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#1Devon Payne-Sturges (UMD: University of Maryland, College Park)H-Index: 15
#2Allison Tjaden (UMD: University of Maryland, College Park)H-Index: 1
Last. Amelia M. Arria (UMD: University of Maryland, College Park)H-Index: 53
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Purpose:To estimate the prevalence of food insecurity among students at a large mid-Atlantic publicly funded university; examine the association between food insecurity, demographic characteristics, potential financial risk factors, and self-reported physical and mental health and academic performance; and identify possible risk factors for food insecurity.Design:Cross-sectional survey.Setting:Large, public mid-Atlantic university.Participants:Two hundred thirty-seven undergraduate students.Meas...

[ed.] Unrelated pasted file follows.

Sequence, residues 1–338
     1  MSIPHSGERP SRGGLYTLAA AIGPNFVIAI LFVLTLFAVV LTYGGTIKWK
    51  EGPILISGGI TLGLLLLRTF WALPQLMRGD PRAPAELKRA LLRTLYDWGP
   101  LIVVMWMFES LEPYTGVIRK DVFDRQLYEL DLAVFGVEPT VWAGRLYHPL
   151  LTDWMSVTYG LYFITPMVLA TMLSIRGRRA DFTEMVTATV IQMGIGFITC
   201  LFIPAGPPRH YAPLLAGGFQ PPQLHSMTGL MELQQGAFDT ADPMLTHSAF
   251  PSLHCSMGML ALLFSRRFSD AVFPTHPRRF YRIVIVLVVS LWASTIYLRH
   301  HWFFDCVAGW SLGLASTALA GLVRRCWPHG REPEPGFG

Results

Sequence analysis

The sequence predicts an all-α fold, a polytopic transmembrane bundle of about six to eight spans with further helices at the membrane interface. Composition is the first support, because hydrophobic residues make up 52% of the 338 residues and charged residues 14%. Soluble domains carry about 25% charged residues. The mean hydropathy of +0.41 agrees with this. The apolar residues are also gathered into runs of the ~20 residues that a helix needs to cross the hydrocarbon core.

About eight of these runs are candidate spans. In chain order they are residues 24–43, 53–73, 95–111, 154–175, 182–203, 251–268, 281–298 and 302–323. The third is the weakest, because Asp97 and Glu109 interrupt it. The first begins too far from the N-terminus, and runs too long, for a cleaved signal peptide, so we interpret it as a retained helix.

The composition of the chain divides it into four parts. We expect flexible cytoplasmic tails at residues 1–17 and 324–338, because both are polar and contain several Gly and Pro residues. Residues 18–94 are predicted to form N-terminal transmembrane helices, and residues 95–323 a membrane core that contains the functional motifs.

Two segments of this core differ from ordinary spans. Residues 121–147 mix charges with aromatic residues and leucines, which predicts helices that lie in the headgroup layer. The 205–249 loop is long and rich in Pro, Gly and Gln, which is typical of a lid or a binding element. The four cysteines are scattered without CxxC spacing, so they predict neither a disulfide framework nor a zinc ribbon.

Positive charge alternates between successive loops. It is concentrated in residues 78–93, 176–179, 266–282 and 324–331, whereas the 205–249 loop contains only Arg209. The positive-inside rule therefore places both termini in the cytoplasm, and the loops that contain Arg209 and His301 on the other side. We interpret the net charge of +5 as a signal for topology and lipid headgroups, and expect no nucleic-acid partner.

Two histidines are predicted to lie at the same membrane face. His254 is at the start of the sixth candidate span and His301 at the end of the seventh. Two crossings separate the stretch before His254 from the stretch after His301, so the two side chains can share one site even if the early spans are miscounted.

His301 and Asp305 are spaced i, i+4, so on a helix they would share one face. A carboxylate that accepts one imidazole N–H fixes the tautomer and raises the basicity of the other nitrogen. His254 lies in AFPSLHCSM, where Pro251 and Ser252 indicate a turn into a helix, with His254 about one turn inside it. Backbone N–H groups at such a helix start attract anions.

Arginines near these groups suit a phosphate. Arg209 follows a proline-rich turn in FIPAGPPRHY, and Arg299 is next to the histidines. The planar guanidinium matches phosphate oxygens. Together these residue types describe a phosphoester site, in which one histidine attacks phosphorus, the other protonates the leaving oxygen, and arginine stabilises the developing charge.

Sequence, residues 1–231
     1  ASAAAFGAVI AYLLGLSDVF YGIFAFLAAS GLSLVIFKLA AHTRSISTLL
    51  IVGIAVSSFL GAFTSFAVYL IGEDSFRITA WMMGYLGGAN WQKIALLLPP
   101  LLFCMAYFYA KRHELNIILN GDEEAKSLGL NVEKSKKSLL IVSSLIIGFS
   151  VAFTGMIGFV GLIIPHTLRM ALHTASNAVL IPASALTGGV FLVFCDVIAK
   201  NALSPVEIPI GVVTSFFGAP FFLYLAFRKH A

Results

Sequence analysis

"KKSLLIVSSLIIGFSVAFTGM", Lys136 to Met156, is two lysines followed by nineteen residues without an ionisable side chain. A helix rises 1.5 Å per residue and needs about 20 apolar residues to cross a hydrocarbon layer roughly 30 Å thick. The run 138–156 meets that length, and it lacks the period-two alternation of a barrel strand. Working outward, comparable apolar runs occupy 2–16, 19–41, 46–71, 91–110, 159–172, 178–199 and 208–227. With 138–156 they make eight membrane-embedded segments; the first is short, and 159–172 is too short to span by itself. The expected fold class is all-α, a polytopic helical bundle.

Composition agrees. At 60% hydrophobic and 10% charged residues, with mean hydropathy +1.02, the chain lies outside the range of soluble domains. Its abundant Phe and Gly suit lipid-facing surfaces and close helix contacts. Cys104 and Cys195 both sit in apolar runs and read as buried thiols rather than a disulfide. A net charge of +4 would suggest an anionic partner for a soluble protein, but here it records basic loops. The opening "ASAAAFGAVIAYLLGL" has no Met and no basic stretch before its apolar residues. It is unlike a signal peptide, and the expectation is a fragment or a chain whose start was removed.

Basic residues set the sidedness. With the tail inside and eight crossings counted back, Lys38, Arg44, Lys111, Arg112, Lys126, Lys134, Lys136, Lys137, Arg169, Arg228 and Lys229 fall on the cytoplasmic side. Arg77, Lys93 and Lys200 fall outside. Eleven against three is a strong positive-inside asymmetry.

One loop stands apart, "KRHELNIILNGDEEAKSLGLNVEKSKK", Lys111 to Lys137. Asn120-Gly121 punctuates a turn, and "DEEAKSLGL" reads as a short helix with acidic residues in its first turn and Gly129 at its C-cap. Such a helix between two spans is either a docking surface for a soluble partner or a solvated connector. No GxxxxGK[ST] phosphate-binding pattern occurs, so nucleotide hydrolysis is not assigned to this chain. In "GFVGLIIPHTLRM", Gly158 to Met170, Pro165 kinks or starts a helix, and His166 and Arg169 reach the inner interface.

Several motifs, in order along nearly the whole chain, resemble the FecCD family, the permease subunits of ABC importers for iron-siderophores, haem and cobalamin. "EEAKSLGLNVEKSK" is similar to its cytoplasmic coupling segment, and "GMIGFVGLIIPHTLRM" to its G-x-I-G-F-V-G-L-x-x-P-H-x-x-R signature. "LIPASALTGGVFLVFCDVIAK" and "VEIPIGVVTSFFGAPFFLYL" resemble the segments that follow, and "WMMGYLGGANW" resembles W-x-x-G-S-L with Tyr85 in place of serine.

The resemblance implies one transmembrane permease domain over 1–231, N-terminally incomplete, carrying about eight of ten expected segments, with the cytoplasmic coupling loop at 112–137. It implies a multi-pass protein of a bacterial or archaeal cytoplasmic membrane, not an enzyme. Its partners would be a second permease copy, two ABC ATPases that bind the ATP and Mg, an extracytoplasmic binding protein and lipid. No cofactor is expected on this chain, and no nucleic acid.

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#1Meg Bruening (ASU: Arizona State University)H-Index: 17
#2Irene van Woerden (ASU: Arizona State University)H-Index: 5
Last. Melissa N. Laska (UMN: University of Minnesota)H-Index: 35
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To examine longitudinal associations between food insecurity (FI) and health behaviors/outcomes among a diverse sample of university freshmen. Freshman students (n = 1138; 65% female; 49% non-white) participating in the Social impact of Physical Activity and nutRition in College study completed surveys on health behaviors and had height/weight measured up to 4 times (T1-T4) in Arizona during 2015–2016. Structural equation models were estimated to determine if, after adjusting for covariates, FI ...
19 CitationsSource
#1Suzanna M. Martinez (University of California, Berkeley)H-Index: 16